More Russ Roberts on TGS

Russ has written a reply to my response, read his whole piece, using his numbers I will put a few follow-up responses under the fold…

1. Male median wage data (down since 1969) suggest divorce is not the main issue; in any case divorce is an economic and psychological catastrophe for many people, and defending living standards by invoking the effects of divorce in the data strikes me as actually more pessimistic than my view.  I suspect Russ’s own cultural values are in accord with this perspective.  Russ’s postulated effect also does not explain 1998-2011 median wage stagnation very well.

3. The key question is the net bias of statistics, not the bias for consumer durables alone.  Our real economic performance on a lot of services — a huge and growing part of the economy — is extremely weak.  As durables get cheaper, the biases in measuring their quality become less important.

4. I don’t see that Russ has made an actual counter to my argument here.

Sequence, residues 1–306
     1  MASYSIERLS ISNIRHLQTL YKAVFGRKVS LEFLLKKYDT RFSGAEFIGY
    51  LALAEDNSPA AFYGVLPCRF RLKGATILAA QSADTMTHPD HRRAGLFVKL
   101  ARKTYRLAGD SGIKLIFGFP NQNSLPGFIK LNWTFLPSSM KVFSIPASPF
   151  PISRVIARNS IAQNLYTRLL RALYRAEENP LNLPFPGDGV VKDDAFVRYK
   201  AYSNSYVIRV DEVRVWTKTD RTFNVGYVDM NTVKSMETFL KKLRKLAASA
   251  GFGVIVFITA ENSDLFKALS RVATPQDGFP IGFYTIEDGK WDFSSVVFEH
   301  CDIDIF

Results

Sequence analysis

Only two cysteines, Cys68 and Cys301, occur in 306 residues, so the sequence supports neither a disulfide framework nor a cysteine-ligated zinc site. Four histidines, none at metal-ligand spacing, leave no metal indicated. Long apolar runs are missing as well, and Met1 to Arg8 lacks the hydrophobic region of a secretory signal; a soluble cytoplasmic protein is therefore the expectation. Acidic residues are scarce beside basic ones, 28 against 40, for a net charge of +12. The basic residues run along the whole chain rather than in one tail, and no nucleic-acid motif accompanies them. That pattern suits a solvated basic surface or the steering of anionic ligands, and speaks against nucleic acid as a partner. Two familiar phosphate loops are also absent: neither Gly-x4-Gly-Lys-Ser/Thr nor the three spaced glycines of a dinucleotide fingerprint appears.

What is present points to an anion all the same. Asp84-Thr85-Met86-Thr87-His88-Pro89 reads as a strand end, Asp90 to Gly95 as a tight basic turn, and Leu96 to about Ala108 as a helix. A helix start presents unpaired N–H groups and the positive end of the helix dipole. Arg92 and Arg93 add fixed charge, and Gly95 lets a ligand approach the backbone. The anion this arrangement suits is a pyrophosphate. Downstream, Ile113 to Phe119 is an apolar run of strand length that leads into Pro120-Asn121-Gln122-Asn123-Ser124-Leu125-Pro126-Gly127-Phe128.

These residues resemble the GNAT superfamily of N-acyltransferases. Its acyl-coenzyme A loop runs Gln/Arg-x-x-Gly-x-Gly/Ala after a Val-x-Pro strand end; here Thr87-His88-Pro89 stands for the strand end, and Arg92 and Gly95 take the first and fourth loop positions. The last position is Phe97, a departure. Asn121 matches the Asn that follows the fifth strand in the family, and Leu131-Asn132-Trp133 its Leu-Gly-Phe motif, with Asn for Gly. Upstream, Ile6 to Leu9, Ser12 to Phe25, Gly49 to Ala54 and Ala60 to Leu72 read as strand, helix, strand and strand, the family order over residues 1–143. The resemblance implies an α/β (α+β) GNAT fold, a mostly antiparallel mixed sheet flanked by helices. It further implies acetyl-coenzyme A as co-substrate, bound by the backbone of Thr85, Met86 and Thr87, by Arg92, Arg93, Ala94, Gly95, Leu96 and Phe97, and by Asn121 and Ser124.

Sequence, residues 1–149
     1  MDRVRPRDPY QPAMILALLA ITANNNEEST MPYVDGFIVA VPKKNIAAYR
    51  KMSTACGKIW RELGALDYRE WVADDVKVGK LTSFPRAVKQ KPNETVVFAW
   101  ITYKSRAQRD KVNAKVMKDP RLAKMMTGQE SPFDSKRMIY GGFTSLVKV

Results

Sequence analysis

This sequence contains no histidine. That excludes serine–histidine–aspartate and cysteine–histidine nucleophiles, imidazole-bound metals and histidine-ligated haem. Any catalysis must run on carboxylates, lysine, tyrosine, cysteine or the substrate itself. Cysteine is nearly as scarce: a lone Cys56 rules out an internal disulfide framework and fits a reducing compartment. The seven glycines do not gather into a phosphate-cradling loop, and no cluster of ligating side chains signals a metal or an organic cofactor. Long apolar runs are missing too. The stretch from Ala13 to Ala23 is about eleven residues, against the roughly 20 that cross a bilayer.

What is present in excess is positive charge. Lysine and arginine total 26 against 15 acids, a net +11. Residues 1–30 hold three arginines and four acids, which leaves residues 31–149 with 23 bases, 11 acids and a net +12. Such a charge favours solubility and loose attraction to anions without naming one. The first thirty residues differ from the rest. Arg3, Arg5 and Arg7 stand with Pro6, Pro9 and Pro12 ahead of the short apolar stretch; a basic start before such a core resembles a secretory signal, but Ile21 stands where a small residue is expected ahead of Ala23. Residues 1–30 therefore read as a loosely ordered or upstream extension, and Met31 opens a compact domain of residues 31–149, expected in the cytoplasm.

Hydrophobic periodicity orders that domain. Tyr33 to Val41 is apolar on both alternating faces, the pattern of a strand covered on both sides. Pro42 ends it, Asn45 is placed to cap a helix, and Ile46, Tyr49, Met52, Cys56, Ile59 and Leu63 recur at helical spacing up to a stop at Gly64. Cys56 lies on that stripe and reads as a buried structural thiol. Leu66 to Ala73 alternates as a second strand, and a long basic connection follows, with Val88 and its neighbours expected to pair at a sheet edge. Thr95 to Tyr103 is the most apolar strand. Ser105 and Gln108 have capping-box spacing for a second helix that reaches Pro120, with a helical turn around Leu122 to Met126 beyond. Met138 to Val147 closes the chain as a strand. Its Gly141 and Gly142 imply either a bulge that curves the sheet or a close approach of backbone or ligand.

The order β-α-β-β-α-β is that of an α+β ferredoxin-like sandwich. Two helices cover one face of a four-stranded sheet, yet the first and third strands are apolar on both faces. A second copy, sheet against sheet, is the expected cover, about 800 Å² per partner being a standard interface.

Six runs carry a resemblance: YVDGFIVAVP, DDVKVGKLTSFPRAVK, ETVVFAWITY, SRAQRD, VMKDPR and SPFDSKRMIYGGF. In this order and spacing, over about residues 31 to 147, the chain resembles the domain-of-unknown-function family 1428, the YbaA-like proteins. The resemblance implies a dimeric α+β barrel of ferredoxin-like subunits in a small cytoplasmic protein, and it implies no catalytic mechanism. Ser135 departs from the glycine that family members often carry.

6. In successful periods growth shows up in the major mainstream economic statistics, including the median.  If it doesn’t, at the very least we should conclude that growth is considerably slower than usual.

9. There is no measured median income progress since 1997 and very little since 1973; that’s not just a cyclical phenomenon.  The supposedly good years of the noughties now look like a bubble, not the reality.

On panel data, I read the Pew Report which Russ cites.  Over a more than thirty year time period, only 63 percent of children had incomes exceeding those of their parents, and that comparison includes some pre-TGS, quite high-growth years.  I don’t find that number impressive at all.  In any case the key question is a comparative one, and while the study has not been done, it is highly likely one would find much stronger cross-generational measures of progress for earlier generations.

On reconciling the per capita gdp and median stories, the concept of rent-seeking — most of all through the service sectors and finance and government — will suffice.  I know that Russ already agrees with the finance side of this story, maybe the government side too and who knows, perhaps education and medicine as well?


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